The EOFY leaves many businesses with a little bit of budget and investing in your team’s D&I efforts through workshops can have long-term positive benefits for the company as a whole and for the team. It’s a great way to get employees having conversations with each other that they never would’ve, and they will learn a tremendous amount through it and hopefully, it will embed in your team culture. 

  1. August: Find ways to build a marketing campaign around your D&I initiative

Start by introducing an internal team event like “culture-Friday”. Have a roster and invite your staff to put their name down. On their Friday, a staff member may bring a dish to share or a culturally significant item to show to the rest of the team. In this way, inclusion is encouraged while everyone gets to learn about different cultures. If the person sharing is comfortable, create a social media post about your day and what the team has experienced. This is super authentic and your audience will revel in the opportunity to learn about your diverse team. Plus, it really makes you look great to your customers. 

  1. September: Have a special team-building event for your staff

It doesn’t have to be big. It doesn’t have to be expensive. It has to be authentic, fun, informal, and down-to-earth. A bring and share dinner or a casual boardgames evening (BYOB) with snacks will bring the team together. Avoid those team-building exercises that involve raft-building. Stick with casual and fun. It’s cheaper and it’s more enjoyable. The last thing colleagues really want is more instructions and directions and rules.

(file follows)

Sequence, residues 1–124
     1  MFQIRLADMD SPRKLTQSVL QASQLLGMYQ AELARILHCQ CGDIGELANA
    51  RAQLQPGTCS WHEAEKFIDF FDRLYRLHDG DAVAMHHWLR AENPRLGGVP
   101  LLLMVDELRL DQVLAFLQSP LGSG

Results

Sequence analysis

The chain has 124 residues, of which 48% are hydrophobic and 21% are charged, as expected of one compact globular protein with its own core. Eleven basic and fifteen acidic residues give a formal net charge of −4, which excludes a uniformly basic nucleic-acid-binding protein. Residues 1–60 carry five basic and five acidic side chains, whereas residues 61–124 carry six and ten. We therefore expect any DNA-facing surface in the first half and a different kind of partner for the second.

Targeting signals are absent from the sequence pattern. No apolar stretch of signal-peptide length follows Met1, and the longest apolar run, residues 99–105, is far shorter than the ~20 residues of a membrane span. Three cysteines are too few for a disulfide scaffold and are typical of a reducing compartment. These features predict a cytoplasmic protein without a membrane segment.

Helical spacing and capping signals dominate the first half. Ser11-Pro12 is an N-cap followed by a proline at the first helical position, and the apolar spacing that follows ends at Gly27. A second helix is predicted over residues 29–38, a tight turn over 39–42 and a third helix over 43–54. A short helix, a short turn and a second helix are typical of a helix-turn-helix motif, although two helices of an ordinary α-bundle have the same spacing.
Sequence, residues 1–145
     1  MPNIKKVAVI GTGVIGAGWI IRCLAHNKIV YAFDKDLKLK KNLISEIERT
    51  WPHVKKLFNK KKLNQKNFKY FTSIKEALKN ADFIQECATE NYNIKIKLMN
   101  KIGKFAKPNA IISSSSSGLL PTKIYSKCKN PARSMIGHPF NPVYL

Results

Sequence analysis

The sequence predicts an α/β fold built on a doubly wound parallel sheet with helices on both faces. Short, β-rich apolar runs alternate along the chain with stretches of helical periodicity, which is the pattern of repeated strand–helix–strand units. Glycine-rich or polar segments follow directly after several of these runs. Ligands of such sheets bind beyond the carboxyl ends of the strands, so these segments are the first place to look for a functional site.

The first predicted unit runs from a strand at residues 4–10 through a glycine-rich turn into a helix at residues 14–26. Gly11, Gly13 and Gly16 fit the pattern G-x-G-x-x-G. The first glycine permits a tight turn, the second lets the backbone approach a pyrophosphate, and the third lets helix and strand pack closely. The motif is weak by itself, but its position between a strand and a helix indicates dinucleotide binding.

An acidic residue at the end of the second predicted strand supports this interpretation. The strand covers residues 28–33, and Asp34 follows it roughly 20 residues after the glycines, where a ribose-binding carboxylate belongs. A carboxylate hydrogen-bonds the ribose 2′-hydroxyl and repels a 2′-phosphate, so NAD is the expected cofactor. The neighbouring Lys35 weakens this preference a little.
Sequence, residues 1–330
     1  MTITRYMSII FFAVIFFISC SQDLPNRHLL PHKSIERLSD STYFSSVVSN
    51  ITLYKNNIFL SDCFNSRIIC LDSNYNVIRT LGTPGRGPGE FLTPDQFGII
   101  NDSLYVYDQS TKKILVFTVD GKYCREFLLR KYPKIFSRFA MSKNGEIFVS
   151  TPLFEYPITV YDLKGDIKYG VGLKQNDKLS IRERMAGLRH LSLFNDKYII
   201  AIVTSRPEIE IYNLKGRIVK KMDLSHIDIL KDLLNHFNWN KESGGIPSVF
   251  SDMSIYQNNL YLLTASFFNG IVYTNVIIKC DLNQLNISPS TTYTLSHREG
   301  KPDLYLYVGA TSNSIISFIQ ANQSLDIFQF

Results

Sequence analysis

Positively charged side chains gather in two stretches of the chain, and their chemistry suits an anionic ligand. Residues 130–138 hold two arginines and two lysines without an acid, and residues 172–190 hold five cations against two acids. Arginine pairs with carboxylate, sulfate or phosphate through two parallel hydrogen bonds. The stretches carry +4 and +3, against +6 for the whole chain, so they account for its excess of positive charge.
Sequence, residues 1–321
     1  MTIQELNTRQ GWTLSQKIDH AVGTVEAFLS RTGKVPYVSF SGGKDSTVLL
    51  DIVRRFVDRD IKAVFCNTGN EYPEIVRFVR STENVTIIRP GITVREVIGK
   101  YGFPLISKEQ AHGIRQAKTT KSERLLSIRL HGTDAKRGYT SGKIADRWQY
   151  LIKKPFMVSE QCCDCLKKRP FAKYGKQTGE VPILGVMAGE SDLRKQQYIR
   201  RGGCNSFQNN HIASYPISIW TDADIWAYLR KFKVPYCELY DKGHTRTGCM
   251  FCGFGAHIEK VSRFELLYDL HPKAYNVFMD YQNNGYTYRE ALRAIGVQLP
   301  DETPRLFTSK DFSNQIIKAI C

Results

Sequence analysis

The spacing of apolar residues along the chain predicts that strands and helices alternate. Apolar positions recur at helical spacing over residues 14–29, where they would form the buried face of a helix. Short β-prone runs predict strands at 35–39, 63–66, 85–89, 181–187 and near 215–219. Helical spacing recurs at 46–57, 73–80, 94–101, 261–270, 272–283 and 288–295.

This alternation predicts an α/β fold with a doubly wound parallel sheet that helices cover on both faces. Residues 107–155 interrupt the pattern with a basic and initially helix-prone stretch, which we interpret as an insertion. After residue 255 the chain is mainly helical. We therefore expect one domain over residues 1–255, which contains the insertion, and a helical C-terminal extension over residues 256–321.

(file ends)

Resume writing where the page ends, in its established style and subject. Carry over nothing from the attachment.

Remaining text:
1. October: Pick a charity that your team resonates with 

Community is the heart of everything. If you want to have a prosperous year, start by helping others. Work with your team to find a charity or a cause to immerse yourselves in. It’s important that you find a charity your team feels compelled to want to support. You may volunteer, collect donations, or help out by spreading the word. Don’t do it for the recognition, do it because it feels good.  

  1. November: Run a campaign to monetise the impending festive season 

The idea is to start monetising on December now so that you can increase your revenue-generation before the festive season starts, enabling you to shut down. Obviously, you need to plan for this a few months in advance but this is the time to implement it. Your trade dictates what you can do. If you’re pressed for ideas and your team also can’t come up with a few inspirations, bring in a professional marketing strategy builder.  

  1. December: Focus on the family: Appreciate your team

You showed your team love in February. You showed them love in September. The end of the year is here and it’s time to show some love again. Only around 12% of employees report leaving a job because they’re underpaid. In fact, leaving a job has more to do with job satisfaction: “9 out of 10 said they were willing to earn less money if it meant the work was more meaningful.” Source. Run a charity team-building event: Organise a beach clean up day followed by a barbecue. Or, find an organisation and help feed hungry children. CHoose something that enables easy social distancing and mask-wearing if necessary.  

 

This post was written by Katriina Tahka, CEO at A Human Agency – AHA: www.a-ha.com.au. Katrina is an HR guru with a special interest in business’ success through empowering teams. CEO + Founder of A-HA, Katriina is passionate about building inclusive workplaces where all people thrive and realise their full potential. Healthy teams with engaged people deliver both business and community success.